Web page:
We're beginning with President Bush, who will be addressing growing tensions in Iraq this morning when he gives a speech on the war on terror. The president is urging restraint on all sides following -- following Wednesday's destruction of a major Shia shrine in Iraq. He says the suspected al Qaeda attack is a "evil act" designed to fuel civil war.

CNN will carry President Bush's speech live this morning, and it's set to begin at 10:05 Eastern.

A thankful end to a hostage crisis in Phoenix. A man who allegedly pulled a gun during a legal proceeding is now in custody.

He had taken nine people hostage at a federal office building. One woman managed to escape before police helped secure the release of the remaining hostages last night.

A Florida man is recovering in the hospital after a fiery run-in with a Taser gun. A police officer in Daytona Beach says the man refused to drop a knife, so she aimed the Taser with 50,000 volts at his chest. His shirt immediately burst into flames because his chest pocket had a butane lighter inside.

Perhaps another reason to say hold those fries. Researchers at Harvard University found that women who ate the most potatoes had a somewhat higher risk of getting Type II Diabetes. The risk was even greater among heavy French fry eaters, especially those who ate fewer whole grains. Part of the reason, potatoes cause a rapid, strong rise in blood sugar.

Will millions of BlackBerry users be saying bye-bye to their beloved wireless device? A federal judge could issue a ruling today that would lead to the virtual shutdown of BlackBerry, both sales and services. It would be the latest twist in a long-running patent dispute between a Virginia company and one based in Ontario.

And some tidbits for you Tom-Kat fans. It turns out Katie Holmes was accepted to Columbia University back in 1998, but now, according to AOL entertainment site, the actress' father is demanding a refund from Columbia. The amount, $500, the non-refundable deposit he put down the year she began starring in "Dawson's Creek."

And Soledad and Miles, according to the site, apparently Katie Holmes' dad sent a letter to the university asking for the money back and an official with Columbia told the site, "What does he not understand about the word 'non-refundable'?"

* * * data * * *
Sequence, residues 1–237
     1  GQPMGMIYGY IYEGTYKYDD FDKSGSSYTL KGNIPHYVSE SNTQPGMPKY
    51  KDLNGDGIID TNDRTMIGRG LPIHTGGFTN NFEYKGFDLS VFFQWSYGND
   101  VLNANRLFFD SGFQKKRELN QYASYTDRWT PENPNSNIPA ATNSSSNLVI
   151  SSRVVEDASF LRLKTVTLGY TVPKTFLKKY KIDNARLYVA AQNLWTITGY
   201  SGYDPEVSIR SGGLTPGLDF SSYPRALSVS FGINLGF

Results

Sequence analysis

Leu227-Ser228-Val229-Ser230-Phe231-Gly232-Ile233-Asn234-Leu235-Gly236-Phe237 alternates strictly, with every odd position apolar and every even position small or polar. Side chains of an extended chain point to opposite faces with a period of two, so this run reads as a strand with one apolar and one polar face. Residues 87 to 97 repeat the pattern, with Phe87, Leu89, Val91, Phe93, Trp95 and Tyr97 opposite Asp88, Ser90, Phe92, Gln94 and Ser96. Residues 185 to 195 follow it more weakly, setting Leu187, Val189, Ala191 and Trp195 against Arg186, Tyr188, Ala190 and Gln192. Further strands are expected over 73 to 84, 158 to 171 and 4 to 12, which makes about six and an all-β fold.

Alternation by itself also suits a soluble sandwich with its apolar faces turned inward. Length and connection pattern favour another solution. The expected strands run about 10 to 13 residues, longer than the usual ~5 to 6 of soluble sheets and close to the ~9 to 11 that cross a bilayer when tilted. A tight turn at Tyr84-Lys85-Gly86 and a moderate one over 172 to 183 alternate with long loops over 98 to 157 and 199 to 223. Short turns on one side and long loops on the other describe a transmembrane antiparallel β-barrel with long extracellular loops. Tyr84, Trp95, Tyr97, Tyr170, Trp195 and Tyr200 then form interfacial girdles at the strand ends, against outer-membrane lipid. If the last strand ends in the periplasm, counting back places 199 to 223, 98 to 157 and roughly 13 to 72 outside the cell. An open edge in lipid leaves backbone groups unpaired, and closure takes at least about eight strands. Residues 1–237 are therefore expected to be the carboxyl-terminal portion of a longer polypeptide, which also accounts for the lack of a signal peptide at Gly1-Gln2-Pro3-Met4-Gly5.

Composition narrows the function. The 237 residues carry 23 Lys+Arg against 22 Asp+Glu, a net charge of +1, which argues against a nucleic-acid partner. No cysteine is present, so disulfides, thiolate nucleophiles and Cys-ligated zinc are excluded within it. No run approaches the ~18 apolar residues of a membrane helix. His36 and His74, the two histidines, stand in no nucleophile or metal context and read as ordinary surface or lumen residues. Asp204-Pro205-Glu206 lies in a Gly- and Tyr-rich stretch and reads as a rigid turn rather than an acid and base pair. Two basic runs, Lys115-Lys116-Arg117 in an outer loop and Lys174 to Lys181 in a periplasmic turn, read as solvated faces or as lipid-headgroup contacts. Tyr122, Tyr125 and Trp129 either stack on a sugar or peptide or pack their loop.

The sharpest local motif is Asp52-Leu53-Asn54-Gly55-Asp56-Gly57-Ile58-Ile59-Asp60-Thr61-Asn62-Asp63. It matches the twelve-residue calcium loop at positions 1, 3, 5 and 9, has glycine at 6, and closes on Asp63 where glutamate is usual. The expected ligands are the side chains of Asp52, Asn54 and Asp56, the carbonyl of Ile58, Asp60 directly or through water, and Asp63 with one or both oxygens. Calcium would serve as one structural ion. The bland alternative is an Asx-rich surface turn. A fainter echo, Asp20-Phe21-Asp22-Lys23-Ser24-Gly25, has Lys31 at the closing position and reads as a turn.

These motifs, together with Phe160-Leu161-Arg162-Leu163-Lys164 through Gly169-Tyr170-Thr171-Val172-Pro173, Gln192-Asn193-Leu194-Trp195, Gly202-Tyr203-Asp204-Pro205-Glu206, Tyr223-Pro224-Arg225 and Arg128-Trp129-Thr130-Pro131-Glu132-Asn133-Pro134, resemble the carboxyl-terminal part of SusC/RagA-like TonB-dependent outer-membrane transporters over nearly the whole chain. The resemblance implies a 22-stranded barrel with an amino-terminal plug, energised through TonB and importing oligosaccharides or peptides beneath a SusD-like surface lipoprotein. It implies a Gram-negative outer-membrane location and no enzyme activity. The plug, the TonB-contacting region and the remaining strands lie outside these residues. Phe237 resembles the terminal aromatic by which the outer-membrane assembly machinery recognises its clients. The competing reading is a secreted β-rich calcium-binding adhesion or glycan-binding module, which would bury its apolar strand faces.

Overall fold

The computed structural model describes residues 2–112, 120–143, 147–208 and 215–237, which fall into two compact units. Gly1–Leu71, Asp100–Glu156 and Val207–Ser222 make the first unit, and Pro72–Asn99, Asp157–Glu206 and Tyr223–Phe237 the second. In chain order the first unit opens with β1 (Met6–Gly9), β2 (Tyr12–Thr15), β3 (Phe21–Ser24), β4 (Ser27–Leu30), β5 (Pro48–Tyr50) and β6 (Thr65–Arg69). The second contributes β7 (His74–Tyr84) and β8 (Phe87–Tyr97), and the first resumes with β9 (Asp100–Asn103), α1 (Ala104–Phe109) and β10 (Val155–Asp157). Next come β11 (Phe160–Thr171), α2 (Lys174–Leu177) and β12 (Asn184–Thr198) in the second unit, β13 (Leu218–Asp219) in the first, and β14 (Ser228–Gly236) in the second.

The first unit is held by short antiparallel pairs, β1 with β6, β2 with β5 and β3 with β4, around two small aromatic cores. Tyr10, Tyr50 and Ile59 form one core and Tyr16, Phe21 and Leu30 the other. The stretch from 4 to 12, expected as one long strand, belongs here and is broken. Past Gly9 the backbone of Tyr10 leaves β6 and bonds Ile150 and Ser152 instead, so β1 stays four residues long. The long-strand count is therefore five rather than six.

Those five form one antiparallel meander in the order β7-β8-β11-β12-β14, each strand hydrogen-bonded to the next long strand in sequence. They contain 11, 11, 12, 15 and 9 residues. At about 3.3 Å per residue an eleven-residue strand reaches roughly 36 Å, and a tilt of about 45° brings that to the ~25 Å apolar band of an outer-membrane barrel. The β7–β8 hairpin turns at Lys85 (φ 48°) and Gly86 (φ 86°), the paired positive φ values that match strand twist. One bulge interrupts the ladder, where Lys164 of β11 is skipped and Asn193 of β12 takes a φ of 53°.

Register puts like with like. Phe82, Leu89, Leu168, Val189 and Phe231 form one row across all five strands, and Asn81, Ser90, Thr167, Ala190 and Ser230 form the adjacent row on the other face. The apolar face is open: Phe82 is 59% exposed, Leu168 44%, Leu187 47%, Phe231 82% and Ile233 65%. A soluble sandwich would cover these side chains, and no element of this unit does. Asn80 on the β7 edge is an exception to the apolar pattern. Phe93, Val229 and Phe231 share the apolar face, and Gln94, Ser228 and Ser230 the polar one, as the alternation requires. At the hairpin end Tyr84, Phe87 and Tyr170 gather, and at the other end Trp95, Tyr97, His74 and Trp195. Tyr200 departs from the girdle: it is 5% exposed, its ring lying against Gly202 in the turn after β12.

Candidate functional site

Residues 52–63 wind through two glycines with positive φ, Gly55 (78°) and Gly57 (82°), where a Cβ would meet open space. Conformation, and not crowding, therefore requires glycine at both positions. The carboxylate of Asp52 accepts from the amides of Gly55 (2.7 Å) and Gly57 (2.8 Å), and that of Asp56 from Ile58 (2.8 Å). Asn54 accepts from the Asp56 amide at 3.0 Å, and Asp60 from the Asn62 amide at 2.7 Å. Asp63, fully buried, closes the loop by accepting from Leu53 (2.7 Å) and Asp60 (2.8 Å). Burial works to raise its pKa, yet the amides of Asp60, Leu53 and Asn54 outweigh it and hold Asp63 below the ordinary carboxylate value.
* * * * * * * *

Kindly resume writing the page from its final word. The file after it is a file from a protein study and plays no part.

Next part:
S. O'BRIEN: I'm surprised they wrote that. I'm surprised they didn't just write, "Ha, ha, ha, ha, ha. Have you lost your mind?" Five hundred dollars? The woman is having Tom Cruise's baby. They don't need the $500.

Oh, for goodness sake. That's a bizarre story. We need to know more about that one.

Kelly, thank you.

Thirty-six minutes past the hour. Let's get a look at the forecast this morning.

Good morning, Bonnie.



S. O'BRIEN: All right. Thank you very much.

M. O'BRIEN: Thank you, Bonnie.

Today, in our final hour of AMERICAN MORNING, a special hour on our medical series "30- 40-50." Our medical team, Dr. Sanjay Gupta and Elizabeth Cohen, will be here looking at what you need to know before you go to the doctor, whether you're in your 30s, 40s or 50s. Hence the name of the series "30-40-50."

We think of these things.

And they're going to be taking your questions. If you have one, send us an e-mail now. You can go to our Web site,, or send one to Or you can IM us, AOL Instant Message, CNN_AM, and we'll try to get as many of those comments and questions on the air as possible.

We should warn you, we're not going to take real specific things that would require, you know, a diagnosis by the doctor.

S. O'BRIEN: Like, yes...

M. O'BRIEN: Keep it general.

S. O'BRIEN: ... don't call us with your own little personal issue. But I think there are some really interesting questions to ask about -- one that we were talking about this morning, stress and early hours and weight gain and things like that. All those things. I mean, that's all of us here.

M. O'BRIEN: In other words, news for Soledad, stress, early hours.

S. O'BRIEN: No, that's every -- a lot of people -- a lot of people -- I said don't get personal, but then I'm, like, but here's my question.

M. O'BRIEN: Soledad's questions.

S. O'BRIEN: But seriously, that's my question I'm going to ask about this morning.